WelCom News
A newspaper for the Wellington and Palmerston North Catholic Dioceses

St Cath’s girls study giving

Love of God and love of neighbour was in action at St Catherine’s College throughout Lent. In response to a challenge to raise money for clean water in Indonesia and in keeping with Lenten almsgiving the students gave every day.

There were no mufti-days, sausage sizzles, raffles or any other large-scale fundraising events. The students simply gave. The challenge, laid down by Year 13 student, Libby Dai (community captain), was for each year group to raise funds to enable at least five Indonesian families to have access to clean water and toilet facilities. This was a direct response to the Caritas Lenten Appeal.

The generosity of these students was an inspiration, particularly to staff (who took some time to reach their target!)

Part of their motivation to give was the visit of the Director of Caritas Tanzania Peter Maduki who addressed the college halfway through the project. Impressed with the students’ generosity, Peter showed us the effect of our dollar. No longer do mothers have to walk half a day to find water (in streams shared by the animals) but there was a community stand-pipe a few metres from their homes. Those homes were no longer mud huts, but brick-built dwellings, again, as a result of an effective use of their dollar.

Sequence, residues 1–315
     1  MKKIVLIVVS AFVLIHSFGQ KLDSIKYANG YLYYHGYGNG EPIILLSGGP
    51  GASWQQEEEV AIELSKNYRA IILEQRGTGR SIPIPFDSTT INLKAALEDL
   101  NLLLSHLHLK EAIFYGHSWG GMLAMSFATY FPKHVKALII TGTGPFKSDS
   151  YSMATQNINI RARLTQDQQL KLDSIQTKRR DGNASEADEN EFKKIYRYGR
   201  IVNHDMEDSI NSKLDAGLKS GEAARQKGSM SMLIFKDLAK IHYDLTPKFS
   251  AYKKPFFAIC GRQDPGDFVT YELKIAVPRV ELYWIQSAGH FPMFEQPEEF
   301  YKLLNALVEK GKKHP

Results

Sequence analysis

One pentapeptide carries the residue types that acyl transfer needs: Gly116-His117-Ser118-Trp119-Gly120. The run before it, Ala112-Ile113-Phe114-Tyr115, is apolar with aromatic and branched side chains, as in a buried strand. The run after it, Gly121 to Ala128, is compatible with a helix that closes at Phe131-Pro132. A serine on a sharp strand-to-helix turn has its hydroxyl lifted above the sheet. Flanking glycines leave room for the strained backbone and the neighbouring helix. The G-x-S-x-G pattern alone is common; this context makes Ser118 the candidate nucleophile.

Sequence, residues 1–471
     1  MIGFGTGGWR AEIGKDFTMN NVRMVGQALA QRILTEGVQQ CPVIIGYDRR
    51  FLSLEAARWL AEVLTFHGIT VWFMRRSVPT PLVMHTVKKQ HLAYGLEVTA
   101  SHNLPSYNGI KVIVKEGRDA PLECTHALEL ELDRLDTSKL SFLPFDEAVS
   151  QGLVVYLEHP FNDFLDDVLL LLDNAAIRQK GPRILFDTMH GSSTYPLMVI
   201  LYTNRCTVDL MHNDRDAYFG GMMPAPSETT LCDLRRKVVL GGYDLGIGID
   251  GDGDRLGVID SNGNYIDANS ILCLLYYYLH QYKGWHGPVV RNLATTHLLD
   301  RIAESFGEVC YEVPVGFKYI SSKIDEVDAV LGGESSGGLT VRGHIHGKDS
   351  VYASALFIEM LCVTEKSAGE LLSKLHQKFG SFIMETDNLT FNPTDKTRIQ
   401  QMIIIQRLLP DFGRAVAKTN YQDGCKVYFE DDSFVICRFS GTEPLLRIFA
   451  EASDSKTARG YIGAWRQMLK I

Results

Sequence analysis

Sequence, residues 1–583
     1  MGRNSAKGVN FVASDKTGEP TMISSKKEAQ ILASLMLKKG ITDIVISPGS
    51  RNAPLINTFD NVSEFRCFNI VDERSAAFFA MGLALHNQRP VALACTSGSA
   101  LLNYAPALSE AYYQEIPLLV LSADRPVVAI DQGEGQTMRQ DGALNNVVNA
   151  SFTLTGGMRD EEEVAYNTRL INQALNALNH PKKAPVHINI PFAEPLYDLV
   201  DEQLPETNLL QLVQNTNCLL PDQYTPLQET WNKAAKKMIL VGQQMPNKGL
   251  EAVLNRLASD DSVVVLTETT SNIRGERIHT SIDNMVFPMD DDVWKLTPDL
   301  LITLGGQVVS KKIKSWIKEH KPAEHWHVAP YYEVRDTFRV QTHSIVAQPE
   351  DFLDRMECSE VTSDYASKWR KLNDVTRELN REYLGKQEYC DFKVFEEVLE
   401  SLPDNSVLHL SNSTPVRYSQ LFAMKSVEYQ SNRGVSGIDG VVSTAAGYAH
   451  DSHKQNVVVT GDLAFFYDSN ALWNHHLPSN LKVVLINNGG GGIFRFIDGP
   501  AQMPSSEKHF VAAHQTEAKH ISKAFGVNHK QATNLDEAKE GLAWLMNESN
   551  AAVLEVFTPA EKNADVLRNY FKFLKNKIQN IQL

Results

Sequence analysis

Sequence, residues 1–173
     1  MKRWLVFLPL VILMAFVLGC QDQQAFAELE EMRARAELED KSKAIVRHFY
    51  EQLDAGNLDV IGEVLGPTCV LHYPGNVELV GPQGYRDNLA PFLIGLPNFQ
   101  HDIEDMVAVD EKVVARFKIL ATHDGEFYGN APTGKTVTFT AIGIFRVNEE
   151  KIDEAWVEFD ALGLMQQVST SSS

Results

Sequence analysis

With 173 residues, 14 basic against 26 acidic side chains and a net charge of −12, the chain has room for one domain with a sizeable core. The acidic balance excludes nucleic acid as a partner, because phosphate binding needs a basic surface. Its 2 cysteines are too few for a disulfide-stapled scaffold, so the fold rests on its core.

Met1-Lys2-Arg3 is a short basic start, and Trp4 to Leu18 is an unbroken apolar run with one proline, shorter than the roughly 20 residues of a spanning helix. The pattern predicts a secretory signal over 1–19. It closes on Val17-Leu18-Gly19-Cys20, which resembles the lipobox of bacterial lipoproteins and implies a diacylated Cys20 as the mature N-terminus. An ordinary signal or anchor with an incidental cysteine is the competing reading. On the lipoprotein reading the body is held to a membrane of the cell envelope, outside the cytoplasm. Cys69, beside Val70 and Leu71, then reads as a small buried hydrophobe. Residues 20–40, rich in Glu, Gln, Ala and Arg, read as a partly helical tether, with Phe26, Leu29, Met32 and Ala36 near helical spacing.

Some senior students were also lucky enough to see how Caritas NZ has been working with the Jesuit Refugee Service in Indonesia, where work with tsunami survivors has been a great challenge.

The dialogue with Peter Maduki from Caritas Tanzania and Fr Edi Mulyono SJ of Indonesia sent the clearest message that love of neighbour knows no boundaries or limitations; that our obligations as Catholic Christians are to actively seek and promote justice in this world. You would not have seen a better example of social justice than the Caritas Lenten Appeal at St Catherine’s College.

In monetary terms, 36 Indonesian families will have access to clean water and toilet facilities, with a little left over for some farmers to replace the roofs of their houses.